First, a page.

REVIEW: Red Sea title ‘Harka’ takes a disturbing look at Tunisia’s tragedies

JEDDAH: “Harka,” which premiered earlier this year at the Cannes Film Festival in the Un Certain Regard category and has now been featured at the ongoing second edition of the Red Sea International Film Festival in Jeddah, takes a poignant and gut-wrenching look at Tunisia, a decade after the Arab Spring.

The film deftly handles heavy themes like abject poverty brought on by unemployment, corruption and, more importantly, the absence of hope.

Little has changed for Tunisia since the Arab Spring. Vivien Yee wrote in The New York Times: “A new constitution and several free and fair elections have failed to deliver the bread, jobs and dignity that Tunisians demanded after ousting a longtime dictator.” Good times still elude the nation, as we see in Lotfy Nathan’s unforgettable “Harka” — which can mean either “to burn” or “migrate illegally across the Mediterranean by small boats,” a journey where danger and death await.

Compelling French Tunisian actor Adam Bessa plays Ali, who dreams of better times, and after his father’s death, has to take on the responsibility of caring for his two younger sisters. His older brother, despite a steady job at a seaside resort, refuses to help Ali, who is further burdened by a debt his father left behind. With their house being taken over by the bank, Ali and his sisters are pushed to the streets.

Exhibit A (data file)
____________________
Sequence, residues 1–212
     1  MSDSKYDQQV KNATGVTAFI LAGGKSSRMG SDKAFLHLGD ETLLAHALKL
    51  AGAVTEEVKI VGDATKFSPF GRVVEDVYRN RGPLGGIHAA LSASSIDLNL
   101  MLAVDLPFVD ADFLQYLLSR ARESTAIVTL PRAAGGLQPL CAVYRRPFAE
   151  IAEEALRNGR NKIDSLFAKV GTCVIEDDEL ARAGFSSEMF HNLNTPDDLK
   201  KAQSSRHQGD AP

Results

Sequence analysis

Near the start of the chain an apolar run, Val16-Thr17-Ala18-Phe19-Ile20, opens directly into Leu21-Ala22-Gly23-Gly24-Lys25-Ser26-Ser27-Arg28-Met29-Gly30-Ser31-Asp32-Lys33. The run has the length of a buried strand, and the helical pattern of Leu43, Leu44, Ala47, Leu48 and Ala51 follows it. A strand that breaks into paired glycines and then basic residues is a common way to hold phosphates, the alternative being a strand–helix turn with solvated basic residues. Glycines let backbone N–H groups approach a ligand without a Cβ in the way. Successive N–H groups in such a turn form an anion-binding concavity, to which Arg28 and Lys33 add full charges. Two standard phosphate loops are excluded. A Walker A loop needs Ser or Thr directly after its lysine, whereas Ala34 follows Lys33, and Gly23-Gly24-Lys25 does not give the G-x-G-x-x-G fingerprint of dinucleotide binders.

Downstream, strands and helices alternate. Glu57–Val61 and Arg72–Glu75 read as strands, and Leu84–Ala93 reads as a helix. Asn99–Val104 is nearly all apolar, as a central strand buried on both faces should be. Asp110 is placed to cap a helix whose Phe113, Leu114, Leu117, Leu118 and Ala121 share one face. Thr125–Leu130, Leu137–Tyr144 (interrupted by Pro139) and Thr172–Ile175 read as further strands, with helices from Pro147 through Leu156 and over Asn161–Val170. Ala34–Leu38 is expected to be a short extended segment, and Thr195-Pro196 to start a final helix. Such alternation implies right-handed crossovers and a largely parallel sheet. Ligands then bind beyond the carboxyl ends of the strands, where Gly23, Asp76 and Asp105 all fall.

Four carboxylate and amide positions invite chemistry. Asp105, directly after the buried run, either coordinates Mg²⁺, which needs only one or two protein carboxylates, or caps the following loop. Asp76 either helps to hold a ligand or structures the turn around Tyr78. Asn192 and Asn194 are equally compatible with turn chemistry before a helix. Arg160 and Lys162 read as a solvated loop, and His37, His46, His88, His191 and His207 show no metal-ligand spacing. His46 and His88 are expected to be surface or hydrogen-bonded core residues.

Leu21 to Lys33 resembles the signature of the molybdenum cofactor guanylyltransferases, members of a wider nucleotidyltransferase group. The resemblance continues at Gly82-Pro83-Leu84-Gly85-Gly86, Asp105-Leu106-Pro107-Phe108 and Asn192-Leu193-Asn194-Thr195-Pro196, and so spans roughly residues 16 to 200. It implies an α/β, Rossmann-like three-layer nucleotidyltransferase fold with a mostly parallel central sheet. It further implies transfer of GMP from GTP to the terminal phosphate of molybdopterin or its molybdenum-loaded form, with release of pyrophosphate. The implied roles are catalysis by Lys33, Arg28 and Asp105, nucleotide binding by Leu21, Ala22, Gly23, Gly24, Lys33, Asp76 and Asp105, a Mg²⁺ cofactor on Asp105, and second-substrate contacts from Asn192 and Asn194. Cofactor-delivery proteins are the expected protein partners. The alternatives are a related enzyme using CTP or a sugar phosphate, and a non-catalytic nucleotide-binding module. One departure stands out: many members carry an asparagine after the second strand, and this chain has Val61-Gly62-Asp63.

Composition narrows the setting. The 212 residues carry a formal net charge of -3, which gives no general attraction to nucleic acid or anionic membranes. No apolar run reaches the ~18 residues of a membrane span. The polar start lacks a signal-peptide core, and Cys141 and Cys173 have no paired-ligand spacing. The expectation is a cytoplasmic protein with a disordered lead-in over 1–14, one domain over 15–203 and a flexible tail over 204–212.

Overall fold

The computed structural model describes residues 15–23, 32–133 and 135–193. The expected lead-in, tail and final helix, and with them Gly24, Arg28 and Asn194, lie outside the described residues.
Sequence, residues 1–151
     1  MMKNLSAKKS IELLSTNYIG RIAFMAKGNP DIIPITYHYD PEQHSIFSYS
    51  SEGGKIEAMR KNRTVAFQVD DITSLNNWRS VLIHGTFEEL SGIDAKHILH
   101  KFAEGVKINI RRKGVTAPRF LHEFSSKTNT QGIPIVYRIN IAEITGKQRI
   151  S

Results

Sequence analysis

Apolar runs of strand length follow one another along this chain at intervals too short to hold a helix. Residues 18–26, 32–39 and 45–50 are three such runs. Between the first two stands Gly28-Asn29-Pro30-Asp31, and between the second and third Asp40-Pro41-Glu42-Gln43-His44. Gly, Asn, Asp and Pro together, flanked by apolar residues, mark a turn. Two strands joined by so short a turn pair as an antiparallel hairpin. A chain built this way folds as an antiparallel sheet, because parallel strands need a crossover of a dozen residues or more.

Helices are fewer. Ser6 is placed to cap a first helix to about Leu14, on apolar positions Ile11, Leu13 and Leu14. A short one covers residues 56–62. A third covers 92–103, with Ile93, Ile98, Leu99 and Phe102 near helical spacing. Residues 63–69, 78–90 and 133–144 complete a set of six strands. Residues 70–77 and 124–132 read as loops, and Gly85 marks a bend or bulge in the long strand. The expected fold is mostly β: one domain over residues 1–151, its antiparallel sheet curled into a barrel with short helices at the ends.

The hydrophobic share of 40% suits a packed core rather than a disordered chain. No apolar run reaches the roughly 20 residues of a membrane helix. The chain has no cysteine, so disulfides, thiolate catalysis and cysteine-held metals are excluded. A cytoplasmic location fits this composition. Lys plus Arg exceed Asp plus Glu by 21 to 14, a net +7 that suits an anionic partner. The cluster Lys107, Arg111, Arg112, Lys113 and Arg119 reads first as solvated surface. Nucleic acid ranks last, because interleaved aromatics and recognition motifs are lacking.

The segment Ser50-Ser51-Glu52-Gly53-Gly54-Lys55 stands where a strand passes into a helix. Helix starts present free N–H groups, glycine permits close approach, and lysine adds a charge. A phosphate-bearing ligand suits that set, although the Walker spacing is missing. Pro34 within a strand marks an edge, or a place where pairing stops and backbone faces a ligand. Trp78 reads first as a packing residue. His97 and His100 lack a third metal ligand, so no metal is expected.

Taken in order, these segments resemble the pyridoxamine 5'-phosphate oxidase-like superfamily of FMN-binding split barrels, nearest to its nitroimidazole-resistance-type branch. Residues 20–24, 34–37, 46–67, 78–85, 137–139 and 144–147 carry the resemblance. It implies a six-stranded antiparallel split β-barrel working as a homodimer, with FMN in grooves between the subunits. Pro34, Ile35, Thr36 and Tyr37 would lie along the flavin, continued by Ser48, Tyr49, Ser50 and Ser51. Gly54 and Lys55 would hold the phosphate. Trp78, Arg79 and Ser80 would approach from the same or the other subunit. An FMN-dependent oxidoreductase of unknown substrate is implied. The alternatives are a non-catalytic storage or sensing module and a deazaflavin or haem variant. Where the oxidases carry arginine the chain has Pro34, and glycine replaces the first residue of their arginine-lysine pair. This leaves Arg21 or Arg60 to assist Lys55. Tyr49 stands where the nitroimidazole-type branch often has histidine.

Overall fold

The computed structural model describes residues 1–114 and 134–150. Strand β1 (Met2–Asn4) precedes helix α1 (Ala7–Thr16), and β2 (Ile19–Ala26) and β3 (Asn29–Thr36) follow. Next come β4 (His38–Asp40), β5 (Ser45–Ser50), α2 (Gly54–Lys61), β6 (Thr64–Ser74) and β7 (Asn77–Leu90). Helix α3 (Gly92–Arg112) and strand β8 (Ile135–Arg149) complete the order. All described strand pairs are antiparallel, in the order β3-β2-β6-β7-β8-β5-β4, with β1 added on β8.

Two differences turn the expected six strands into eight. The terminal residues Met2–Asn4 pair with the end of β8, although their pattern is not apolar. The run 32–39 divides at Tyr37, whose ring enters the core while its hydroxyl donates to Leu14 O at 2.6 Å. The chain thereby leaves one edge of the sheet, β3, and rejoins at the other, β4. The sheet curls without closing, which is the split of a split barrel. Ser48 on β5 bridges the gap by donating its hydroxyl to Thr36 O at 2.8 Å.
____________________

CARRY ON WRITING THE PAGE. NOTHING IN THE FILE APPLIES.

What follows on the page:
With little hope left despite his risky job of selling contraband gasoline on the border, Ali as a character comes alive after the Arab Spring, which started with the immolation of street vendor Mohamed Bouazizi in 2010 and spread from Tunisia to Egypt, Syria and other countries.

What do you do when life keeps hitting you? That is the question Nathan poses in a very disturbing sort of way.

With several non-professionals in the movie, the director skillfully weaves his plot through a maze of tragedies, and presents a climax that is at once hopeful and horrifying. What appears so ruthless here is the complete callousness of the people who walk by even as a tragedy unfolds in front of them.

Maximilian Pittner’s camera takes you close to Ali and others, helping us to watch their anguish in great detail. Nathan’s background has been documentaries, and here in his fictional “Harka,” he masters the art of mixing the two genres into a gripping narrative.
 

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